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Instant asset write-off thresholds
Using the simplified depreciation rules, assets costing less than the relevant instant asset write-off threshold are written off in the year they are first used, or installed ready-for-use. This threshold applies to each asset irrespective of whether the asset is purchased new or second-hand.
The threshold has changed over the last few years and during the current year. The entire cost of the asset must be less than the instant asset write-off threshold, irrespective of any trade-in amount. Whether the threshold is GST exclusive or inclusive will depend on your GST status, for further information about GST impacts see Cost.
In working out the amount you can claim, you must subtract any private use proportion. The balance (that is the proportion used in earning assessable income) is generally the taxable purpose proportion. While only the taxable purpose proportion is deductible, the entire cost of the asset must be less than the threshold.
Note that if you later sell or dispose of an asset for which you claimed an instant asset write-off, you include the taxable purpose proportion of the amount you received for the asset in your assessable income.
Example 1: Purchasing multiple assets
Barry owns a plumbing business. On 10 April 2019, Barry purchases and starts to use a new van for his business valued at $22,000. The following month he purchases and starts to use a trailer to support his business which costs him $14,000. Barry has spent a total of $36,000. As the $30,000 instant asset write-off threshold applies to each asset, Barry is able to claim both the van and the trailer in his 2019 tax return.
Example 2: Exceeding the threshold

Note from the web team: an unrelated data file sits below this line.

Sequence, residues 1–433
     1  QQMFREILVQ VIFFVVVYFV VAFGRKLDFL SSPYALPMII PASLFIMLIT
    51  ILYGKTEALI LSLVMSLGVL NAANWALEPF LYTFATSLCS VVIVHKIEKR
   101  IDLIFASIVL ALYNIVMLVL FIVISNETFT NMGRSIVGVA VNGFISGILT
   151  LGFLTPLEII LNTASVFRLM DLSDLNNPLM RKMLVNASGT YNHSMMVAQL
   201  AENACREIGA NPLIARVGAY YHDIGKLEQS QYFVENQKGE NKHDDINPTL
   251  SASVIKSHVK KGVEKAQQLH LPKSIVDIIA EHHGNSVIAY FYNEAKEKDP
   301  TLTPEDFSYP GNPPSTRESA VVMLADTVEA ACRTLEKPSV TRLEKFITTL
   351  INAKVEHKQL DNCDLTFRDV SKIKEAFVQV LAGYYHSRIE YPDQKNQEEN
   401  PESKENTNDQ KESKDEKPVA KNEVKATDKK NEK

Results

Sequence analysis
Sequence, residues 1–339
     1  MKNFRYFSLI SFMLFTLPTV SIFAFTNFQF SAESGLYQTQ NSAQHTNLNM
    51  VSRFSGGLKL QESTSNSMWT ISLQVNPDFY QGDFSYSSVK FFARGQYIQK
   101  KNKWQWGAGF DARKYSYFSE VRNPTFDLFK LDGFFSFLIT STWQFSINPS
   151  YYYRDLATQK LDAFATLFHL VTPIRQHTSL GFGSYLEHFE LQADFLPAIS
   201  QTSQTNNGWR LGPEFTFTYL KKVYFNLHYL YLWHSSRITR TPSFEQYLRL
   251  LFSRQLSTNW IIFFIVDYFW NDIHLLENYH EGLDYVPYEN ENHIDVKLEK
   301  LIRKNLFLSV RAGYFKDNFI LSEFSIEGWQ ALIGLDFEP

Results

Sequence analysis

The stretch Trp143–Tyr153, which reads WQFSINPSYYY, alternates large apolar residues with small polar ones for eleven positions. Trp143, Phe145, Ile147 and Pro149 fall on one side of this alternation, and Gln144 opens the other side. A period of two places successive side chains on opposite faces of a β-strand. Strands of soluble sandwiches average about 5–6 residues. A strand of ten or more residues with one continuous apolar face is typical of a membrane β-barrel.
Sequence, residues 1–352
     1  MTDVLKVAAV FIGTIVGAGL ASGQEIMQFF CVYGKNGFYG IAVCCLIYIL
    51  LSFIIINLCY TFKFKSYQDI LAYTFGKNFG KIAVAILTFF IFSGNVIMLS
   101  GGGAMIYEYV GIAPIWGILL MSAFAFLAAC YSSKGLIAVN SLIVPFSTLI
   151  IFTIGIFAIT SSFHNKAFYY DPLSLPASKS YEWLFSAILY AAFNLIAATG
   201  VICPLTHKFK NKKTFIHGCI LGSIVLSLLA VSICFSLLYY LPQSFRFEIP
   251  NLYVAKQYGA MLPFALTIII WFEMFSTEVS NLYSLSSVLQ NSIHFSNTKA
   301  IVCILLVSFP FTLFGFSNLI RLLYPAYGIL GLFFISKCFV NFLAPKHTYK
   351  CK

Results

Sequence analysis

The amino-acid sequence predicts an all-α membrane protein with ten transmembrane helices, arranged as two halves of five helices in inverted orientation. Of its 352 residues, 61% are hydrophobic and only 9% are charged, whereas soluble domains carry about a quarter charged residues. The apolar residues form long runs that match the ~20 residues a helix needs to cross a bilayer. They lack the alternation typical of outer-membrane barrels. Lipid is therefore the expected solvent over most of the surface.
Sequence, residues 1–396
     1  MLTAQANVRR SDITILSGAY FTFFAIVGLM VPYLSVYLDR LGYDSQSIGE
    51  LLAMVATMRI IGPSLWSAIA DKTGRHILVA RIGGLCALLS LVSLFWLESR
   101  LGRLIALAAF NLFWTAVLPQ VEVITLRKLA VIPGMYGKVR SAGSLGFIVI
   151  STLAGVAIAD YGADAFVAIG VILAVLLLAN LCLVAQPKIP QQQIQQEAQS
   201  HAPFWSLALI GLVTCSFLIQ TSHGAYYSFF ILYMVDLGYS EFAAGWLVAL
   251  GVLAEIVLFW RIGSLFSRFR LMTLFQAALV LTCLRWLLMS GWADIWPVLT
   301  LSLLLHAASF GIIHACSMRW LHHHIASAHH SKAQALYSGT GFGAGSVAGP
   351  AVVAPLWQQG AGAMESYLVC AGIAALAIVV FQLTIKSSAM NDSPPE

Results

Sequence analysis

Daryl owns an electrical business, Daryl’s Electrical, which qualifies as a small business. The business purchases a ute for $40,000 on 28 July 2017. Daryl estimates the ute will be used 40% of the time for his business.
Even though the value of the ute to the business is $16,000 ($40,000 × 40%), Daryl can't immediately write it off. Instead he adds the $16,000 for the ute to Daryl’s Electrical small business pool.
Example 3: Immediate write-off
On 18 May 2018 Fiona buys a new powerful computer for $6,800 that she uses 80% of the time for business purposes and 20% of the time for personal purposes. She also bought a new printer for $700 which she uses for 100% of the time for business purposes. For the computer, Fiona calculates her instant asset write-off as 80% (the business use proportion) of $6,800, so she claims $5,440. For the printer, she claims the entire cost of $700.
Fiona includes the combined amount of $6,140 at label A of the Business and professional items schedule which is filled out when completing her tax return.
For more information, please see: https://www.ato.gov.au/Business/Depreciation-and-capital-expenses-and-allowances/In-detail/Depreciating-assets/Simplified-depreciation---rules-and-calculations/?page=4#Instant_asset_write_off_thresholds